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Edward L Pittman

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Free the Jena Six--and All Young Black Men
By Edward L Pittman   
Rated "PG" by the Author.
Last edited: Saturday, September 22, 2007
Posted: Saturday, September 22, 2007

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A look at the Jena Six and thinking beyond

I'm encouraged by the mass support of the Jena Six in Louisiana. I watched news reports on Thursday--thousands gathered there to challenge the unjust sentences imposed on six young black men for beating a white classmate. You can Google for the story details.

The fact that so many from across the nation converged on Jena, Louisiana to essentially say, "Injustice anywhere is a threat to justice everywhere" is a good sign. The images of protesters in Jena is heart warming. But the cry should go deeper.

Statistics about young black men should cause us to look beyond Jena. The numbers on drop-out rates, unemployment, and incarceration are one indicator of a crisis. The unbalanced portrayal of black men in rap videos and as self-indulged millionaire athletes contributes to this picture. Where is the in between? Because we don't see hard-working black men who raise families and build communities, the tarnished image prevails. The conflict in Jena is also a symptom of how the world views young black men.

Young black men growing up in this racial wilderness need our support. We need to pull them aside and advise how to handle situations that add stress into their already tight worlds. As much as someone who hangs nooses in trees to intimidate black youth---as they did in Jena---and as much as that may call for a school-yard beating, we can't afford to go that route. The consequences for black men are severe, and someone needed to tell those young brothers in Jena.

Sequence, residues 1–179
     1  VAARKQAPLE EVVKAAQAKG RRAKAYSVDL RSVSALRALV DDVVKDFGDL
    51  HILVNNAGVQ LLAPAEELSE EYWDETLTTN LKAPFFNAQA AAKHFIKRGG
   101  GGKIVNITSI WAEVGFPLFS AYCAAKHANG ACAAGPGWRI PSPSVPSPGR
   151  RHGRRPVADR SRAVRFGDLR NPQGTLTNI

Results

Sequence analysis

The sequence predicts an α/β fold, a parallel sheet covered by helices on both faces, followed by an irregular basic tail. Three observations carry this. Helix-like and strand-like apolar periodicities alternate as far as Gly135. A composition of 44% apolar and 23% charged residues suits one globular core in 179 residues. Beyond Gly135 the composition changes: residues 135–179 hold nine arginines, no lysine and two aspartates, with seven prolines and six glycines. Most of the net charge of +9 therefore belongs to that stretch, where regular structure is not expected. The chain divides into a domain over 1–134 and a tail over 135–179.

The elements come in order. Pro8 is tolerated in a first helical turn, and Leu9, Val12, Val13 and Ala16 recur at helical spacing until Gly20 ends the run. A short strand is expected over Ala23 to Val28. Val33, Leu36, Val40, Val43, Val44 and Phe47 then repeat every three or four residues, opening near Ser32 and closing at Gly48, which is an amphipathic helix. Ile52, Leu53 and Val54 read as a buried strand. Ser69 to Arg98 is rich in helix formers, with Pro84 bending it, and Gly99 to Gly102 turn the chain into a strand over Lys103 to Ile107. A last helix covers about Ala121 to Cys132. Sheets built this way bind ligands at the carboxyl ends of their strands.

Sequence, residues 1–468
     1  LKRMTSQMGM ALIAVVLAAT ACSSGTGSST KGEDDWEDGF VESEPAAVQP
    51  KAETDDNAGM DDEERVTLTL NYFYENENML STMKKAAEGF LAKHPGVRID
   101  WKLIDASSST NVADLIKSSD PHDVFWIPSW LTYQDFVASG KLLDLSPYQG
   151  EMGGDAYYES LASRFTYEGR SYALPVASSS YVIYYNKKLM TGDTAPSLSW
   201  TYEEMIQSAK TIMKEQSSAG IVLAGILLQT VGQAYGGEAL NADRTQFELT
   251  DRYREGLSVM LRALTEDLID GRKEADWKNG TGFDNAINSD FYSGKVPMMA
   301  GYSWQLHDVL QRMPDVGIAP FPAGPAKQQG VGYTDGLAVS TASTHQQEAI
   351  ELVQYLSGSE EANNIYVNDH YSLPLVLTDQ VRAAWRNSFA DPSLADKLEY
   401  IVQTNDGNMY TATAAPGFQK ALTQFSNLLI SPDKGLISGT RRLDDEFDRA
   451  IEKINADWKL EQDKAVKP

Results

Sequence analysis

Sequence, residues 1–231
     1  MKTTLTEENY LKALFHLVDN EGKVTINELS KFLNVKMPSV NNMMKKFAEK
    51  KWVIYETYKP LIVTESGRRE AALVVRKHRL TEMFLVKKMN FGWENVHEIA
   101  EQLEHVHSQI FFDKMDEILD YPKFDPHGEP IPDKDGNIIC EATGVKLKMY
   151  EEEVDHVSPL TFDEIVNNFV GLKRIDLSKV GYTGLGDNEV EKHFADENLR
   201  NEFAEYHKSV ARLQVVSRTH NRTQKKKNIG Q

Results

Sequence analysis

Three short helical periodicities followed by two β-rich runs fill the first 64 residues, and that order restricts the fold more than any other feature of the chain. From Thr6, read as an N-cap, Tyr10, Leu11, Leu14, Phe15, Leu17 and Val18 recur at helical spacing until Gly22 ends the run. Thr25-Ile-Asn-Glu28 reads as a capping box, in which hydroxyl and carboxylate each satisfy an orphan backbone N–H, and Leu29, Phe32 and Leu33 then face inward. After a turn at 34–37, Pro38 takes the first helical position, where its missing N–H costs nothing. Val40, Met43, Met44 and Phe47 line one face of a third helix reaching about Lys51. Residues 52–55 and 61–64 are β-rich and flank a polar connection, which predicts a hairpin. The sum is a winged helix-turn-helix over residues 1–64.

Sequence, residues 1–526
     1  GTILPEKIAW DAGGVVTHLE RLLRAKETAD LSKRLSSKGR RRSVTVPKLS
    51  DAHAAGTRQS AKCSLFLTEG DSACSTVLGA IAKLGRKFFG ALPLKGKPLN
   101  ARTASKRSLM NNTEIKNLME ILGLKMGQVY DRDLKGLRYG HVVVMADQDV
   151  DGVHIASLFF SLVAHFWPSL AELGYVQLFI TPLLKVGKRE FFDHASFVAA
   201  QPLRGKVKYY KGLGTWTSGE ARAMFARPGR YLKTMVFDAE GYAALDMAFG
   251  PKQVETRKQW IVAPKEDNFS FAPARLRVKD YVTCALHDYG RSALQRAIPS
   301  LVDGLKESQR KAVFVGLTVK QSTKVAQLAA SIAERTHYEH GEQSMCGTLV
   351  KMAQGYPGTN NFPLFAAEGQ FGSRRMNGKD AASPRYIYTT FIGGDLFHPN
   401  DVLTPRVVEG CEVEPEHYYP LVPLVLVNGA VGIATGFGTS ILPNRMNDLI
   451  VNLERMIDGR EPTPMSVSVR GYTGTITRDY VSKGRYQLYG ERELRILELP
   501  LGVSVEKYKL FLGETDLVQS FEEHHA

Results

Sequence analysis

Last December the Washington Post ran a series on black men. We are six times more likely to be murdered, nine times more likely to die from AIDS and we have a life expectancy of six years less than white men, according to the article. The human stories behind these and other statistics are grim realities for black families, communities--and America. No nation or society can reach its full potential when a comm¨nity is crippled or limited. The toll of racism is undeniable. Which black man has not been profiled or faced with life-saving decisions in nano-seconds. As an adult,
Free the Jena Six--and All Young Black Men

I've learned to navigate through or avoid many at-risk environments faced by black men.

The Jena Six march must bring us back to this stark reality

It's been twelve years since the Million Man March. Many of us who participated understood that one march wouldn't wipe away decades of negative images and conditions. Neither will one march in Jena save young black men from the risks associated with their lives. We can do more. We have to do more. Every time I read about the senseless murder of a young black man in my city, I realize that something is wrong. Every time a news story like the Jena Six breaks, I know there are thousands more that remain in darkness. We need to do more.

E. Pittman (2007)

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